The inherent conflict of interest is this… commission-based financial advisors have an incentive to sell you products. That’s how they put food on the table. They aren’t necessarily bad, dishonest, or unworthy of your business. It’s simply the nature of the business they choose to work for or operate in and it’s up to you as a consumer to be knowledgeable going into that situation.
So, while your situation may be suitable to invest in a product of some kind, it doesn’t necessarily mean your financial advisor is recommending what is in your best interest. Speaking from professional experience, it is much more difficult to prove to regulators that something is in your best interest than it is to show it’s suitable for you. The fiduciary standard is the highest standard and provides the greatest consumer protection.
By hiring a fee-only financial advisor you eliminate conflicts of interest existing within the recommendations provided to you. You now know a fee-only financial advisor that abides by the fiduciary standard will only make recommendations that are in your best interest. Fee-only financial advisors are transparent in terms of the cost associated with the services they provide to you. Clients know exactly how their financial advisors are being compensated (assets under management, flat fee, or ongoing fee). This means the client holds their financial professional to a higher standard because of the transparency that takes place. If you are currently working with a financial advisor that doesn’t have your best interest at the forefront of what they do, consider a fee-only financial advisor that is willing to provide an unbiased second opinion.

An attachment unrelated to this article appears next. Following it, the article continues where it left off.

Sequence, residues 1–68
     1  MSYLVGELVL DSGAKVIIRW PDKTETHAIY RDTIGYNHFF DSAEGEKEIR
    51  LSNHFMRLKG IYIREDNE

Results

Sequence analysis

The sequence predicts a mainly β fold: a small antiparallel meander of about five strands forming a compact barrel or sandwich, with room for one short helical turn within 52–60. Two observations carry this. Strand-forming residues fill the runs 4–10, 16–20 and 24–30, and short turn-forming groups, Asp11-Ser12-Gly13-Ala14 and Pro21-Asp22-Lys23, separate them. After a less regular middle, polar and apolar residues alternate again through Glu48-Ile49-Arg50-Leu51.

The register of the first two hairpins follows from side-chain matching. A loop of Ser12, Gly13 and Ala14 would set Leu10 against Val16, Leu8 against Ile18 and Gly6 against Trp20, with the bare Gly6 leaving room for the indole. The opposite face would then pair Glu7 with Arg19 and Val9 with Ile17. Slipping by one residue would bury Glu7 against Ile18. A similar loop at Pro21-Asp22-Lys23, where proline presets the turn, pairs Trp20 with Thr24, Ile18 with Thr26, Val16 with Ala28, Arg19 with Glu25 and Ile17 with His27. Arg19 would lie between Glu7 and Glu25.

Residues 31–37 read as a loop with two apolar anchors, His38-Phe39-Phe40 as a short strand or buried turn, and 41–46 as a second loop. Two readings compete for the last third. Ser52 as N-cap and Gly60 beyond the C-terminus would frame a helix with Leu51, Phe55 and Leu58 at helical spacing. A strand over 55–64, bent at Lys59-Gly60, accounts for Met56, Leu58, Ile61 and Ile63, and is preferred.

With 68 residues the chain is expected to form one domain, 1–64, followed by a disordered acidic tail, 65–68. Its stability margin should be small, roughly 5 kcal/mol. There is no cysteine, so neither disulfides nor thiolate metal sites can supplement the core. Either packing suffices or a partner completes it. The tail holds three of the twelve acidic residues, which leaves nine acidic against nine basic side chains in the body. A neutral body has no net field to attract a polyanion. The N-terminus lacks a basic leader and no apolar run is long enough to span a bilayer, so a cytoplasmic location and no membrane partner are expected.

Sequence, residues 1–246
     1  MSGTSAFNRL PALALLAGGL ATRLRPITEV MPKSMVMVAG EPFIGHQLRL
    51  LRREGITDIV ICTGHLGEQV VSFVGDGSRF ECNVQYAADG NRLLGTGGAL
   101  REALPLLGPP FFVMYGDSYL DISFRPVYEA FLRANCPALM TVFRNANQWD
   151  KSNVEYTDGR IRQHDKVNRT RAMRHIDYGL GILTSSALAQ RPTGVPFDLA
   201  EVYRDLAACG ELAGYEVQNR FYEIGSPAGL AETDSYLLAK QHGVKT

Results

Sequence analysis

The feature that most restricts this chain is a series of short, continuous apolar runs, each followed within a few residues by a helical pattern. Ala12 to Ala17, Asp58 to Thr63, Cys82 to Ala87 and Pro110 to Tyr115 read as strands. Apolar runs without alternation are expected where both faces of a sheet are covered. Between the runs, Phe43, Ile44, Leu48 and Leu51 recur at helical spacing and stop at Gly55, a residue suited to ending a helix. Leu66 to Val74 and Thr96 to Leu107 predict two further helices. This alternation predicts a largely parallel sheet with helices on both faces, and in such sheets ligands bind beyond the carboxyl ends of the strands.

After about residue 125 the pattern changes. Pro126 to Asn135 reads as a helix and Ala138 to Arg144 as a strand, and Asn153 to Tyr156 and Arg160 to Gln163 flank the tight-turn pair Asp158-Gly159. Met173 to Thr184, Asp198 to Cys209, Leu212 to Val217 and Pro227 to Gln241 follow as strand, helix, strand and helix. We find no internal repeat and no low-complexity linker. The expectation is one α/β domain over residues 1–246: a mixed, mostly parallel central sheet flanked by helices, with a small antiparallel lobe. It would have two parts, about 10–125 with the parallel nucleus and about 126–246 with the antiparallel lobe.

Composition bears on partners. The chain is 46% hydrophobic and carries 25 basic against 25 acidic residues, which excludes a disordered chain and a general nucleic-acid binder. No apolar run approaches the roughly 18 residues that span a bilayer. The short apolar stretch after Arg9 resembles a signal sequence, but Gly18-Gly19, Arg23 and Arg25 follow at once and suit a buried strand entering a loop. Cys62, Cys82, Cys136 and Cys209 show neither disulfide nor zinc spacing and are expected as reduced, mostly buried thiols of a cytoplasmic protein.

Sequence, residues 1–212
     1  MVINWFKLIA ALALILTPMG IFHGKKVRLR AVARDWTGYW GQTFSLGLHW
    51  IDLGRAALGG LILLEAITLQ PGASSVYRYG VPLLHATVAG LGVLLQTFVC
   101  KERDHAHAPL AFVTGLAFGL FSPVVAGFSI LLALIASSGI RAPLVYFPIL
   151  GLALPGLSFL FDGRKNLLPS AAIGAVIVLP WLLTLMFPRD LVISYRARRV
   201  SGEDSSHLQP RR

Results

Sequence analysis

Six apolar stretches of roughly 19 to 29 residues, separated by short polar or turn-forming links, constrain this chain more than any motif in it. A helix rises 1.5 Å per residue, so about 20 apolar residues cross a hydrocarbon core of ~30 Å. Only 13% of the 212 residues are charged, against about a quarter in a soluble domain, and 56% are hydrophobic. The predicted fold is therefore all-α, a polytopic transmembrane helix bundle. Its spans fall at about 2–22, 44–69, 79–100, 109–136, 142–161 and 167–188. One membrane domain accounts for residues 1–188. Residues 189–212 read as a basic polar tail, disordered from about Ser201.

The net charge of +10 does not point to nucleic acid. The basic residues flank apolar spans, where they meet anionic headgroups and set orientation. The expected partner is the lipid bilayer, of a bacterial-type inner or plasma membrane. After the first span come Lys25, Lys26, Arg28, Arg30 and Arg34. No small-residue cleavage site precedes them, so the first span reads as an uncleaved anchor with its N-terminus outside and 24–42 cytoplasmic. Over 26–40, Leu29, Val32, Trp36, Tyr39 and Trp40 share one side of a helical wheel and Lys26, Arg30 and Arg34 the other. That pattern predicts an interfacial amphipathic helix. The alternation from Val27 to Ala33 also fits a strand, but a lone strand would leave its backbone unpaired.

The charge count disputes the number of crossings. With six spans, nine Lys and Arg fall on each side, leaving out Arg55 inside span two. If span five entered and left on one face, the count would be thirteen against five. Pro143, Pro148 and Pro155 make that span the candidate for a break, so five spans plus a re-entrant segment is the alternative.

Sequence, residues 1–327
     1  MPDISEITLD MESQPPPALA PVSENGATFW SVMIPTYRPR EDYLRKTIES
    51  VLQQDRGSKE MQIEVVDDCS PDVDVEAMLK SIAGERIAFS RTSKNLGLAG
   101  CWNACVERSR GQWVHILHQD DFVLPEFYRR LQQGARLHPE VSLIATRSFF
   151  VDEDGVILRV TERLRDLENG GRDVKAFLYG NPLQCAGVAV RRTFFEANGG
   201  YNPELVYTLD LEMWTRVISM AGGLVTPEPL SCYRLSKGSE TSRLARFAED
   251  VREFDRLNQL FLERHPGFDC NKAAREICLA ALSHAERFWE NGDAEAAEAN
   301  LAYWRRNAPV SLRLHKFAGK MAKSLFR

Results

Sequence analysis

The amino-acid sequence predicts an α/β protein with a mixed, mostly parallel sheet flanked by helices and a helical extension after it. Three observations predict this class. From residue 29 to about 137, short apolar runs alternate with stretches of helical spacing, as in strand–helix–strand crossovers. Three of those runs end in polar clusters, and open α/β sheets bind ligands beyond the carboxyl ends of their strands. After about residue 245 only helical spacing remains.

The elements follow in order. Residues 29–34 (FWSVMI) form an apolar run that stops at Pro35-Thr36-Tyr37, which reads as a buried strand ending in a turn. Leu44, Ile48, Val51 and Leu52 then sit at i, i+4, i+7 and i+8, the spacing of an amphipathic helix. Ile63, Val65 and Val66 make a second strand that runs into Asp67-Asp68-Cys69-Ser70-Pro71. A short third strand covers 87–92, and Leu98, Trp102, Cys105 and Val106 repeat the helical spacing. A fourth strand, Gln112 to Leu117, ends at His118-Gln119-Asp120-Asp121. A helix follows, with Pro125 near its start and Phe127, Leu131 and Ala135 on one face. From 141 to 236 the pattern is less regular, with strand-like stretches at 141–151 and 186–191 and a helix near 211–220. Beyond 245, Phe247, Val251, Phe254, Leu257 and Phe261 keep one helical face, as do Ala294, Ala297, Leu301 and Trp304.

Fee-only financial advisors are becoming popular among consumers due to the request for greater transparency in the profession. If you are interested in finding a fee-only financial advisor check out these independent networks that can connect you to someone that fits your needs:
We are always happy to provide you with a second (or first) opinion on what financial planning should look like for you. We are based in Rochester, MN, and work virtually with clients across the country. Connect with us today to learn more.
Disclaimer: This article is for informational purposes only and is not a recommendation of Fyooz Financial Planning, Natalie Slagle CFP®, or Daniel Slagle CFP®. Past performance may not be indicative of future results and may have been impacted by events and economic conditions that will not prevail in the future. Therefore, it should not be assumed that future performance of any specific security, investment product or investment strategy referenced in the article, either directly or indirectly, will be profitable or equal to the corresponding indicated performance level(s). No portion of the article shall be construed as a solicitation to buy or sell any specific security or investment product or to engage in any particular investment or financial planning strategy. Any reference to a market index is included for illustrative purposes only, as it is not possible to directly invest in an index. Indices are unmanaged, hypothetical vehicles that serve as market indicators and do not account for the deduction of management fees or transaction costs generally associated with investable products, which otherwise have the effect of reducing the performance of an actual investment portfolio.